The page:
Ch.6 - Chemical EquilibriumWorksheetSee all chapters
All Chapters
Ch.1 - Chemical Measurements
Ch.2 - Tools of the Trade
Ch.3 - Experimental Error
Ch.4 + 5 - Statistics, Quality Assurance and Calibration Methods
Ch.6 - Chemical Equilibrium
Ch.7 - Activity and the Systematic Treatment of Equilibrium
Ch.8 - Monoprotic Acid-Base Equilibria
Ch.9 - Polyprotic Acid-Base Equilibria
Ch.10 - Acid-Base Titrations
Ch.11 - EDTA Titrations
Ch.12 - Advanced Topics in Equilibrium
Ch.13 - Fundamentals of Electrochemistry
Ch.14 - Electrodes and Potentiometry
Ch.15 - Redox Titrations
Ch.16 - Electroanalytical Techniques
Ch.17 - Fundamentals of Spectrophotometry
BONUS: Chemical Kinetics
Sections
The Equilibrium State
The Reaction Quotient
Le Chatelier's Principle
Chemical Thermodynamics: Enthalpy
Chemical Thermodynamics: Entropy
Chemical Thermodynamics: Gibbs Free Energy
Solubilty Product Constant
Protic Acids and Bases
The pH Scale
Acid Strength

Le Chatelier's Principle discusses the shifting pattern of a chemical reaction in order to maintain an equilibrium state.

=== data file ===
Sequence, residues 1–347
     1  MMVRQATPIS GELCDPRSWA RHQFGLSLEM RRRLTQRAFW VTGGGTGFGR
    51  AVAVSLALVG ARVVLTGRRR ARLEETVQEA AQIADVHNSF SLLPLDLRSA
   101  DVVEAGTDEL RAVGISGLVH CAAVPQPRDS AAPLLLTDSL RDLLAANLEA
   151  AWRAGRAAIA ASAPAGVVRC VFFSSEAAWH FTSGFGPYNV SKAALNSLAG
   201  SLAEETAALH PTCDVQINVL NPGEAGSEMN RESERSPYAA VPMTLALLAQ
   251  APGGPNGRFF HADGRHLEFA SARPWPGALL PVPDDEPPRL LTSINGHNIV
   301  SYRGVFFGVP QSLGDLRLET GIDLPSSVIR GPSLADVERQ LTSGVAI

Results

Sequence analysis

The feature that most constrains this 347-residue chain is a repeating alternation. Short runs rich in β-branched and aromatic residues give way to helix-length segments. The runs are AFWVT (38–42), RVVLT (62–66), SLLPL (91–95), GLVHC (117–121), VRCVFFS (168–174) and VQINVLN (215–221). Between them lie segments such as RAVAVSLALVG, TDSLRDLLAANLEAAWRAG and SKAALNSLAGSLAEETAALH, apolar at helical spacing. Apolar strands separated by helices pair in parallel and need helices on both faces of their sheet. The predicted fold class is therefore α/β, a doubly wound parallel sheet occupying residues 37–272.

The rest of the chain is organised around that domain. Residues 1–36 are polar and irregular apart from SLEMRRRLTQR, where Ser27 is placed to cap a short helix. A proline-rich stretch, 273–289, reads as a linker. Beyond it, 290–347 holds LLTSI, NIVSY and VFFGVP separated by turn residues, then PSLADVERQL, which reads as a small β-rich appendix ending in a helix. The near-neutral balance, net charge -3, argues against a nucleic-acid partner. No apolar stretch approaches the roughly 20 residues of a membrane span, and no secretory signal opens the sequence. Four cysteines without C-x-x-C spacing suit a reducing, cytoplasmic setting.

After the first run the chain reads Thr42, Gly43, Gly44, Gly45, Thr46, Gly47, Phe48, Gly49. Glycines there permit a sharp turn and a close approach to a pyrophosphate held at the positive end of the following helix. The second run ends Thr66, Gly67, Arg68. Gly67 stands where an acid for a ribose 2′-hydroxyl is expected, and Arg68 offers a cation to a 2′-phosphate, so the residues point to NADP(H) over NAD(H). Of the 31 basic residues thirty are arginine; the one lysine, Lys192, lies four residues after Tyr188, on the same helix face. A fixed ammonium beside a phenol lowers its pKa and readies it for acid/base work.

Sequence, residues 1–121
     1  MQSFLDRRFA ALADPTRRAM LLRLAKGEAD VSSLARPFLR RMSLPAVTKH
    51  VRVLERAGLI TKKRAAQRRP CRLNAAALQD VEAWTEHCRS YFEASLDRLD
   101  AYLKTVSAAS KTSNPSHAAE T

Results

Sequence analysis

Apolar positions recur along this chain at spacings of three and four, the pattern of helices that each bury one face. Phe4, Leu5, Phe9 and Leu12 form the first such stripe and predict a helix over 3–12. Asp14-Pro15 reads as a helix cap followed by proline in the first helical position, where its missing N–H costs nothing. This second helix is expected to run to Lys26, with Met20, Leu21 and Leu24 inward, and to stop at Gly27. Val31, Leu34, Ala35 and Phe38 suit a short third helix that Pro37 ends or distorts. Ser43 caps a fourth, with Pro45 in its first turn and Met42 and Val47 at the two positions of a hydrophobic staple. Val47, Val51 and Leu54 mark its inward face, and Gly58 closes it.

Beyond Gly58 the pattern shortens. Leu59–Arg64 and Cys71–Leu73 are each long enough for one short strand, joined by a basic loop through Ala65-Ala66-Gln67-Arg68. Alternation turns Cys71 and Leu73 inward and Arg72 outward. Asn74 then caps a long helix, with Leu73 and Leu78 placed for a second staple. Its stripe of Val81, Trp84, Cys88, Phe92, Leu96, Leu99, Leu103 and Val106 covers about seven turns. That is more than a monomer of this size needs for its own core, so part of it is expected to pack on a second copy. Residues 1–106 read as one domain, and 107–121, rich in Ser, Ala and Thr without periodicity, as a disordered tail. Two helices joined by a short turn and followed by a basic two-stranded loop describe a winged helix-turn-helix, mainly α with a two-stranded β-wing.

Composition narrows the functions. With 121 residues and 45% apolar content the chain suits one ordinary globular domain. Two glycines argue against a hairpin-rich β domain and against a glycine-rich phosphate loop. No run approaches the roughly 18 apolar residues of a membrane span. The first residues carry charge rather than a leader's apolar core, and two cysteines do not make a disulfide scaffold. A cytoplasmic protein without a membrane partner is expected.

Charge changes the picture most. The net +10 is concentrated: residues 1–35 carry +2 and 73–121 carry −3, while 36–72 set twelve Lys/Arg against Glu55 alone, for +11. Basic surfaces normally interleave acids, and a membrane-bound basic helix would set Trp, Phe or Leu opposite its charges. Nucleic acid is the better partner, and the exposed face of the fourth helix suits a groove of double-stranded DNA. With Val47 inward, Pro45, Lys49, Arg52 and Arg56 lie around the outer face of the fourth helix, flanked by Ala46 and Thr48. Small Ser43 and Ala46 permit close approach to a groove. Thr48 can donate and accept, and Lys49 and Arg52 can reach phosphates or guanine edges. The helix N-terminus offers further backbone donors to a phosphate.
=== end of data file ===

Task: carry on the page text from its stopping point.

Chemical Thermodynamics

Concept #1: The addition or removal of products or reactants causes the chemical reaction to shift in the direction necessary to re-establish equilibrium. 

Concept #2: Increasing or decreasing pressure or volume causes the reaction to shift in the direction necessary to re-establish equilibrium. 

Concept #3: Increasing or decreasing temperature causes the reaction to shift in the direction necessary to re-establish equilibrium. 

Concept #4: Depending on the conditions, the addition or removal of a noble gas can potentially cause the reaction to shift in the direction necessary to re-establish equilibrium. 

Under equilibrium conditions, the addition or removal of a liquid, solid or catalyst will cause no shift in the reaction's position. 

Example #1: The following data was collected for the following reaction at equilibrium.

A (s)  + 2 B  (g) ⇌ 3 C (g) +  D (g)

At 55oC, K is 4.7 x 10-7 and at 100oC K is 1.9 x 10-2. Which of the following statements is true?

a) The reaction is exothermic.

b) The reaction is endothermic.

c) The enthalpy change, ΔH, is equal to zero.

d) Not enough information is given

Example #2: In which of these gas-phase equilibria is the yield of products increased by increasing the total pressure on the reaction mixture?

a) CO (g) +  H2O (g) ⇌  CO2 (g)  +  H2 (g) 

b) 2 NO (g)  +  Cl2 (g) ⇌  2 NOCl (g) 

c) 2 SO3 (g) ⇌  2 SO2 (g)  +  O2 (g) 

d) PCl5 (g) ⇌  PCl3 (g)  +  Cl2 (g) 

e) 2 H2O2 (g) ⇌ 2 H2O (g)  +  O2 (g) 

Practice: The reaction 2 NaHCO(s) ⇌ Na2CO(s) + H2O (g) + CO(g) is endothermic. What would you do in order to maximize the yield of Na2CO(s)?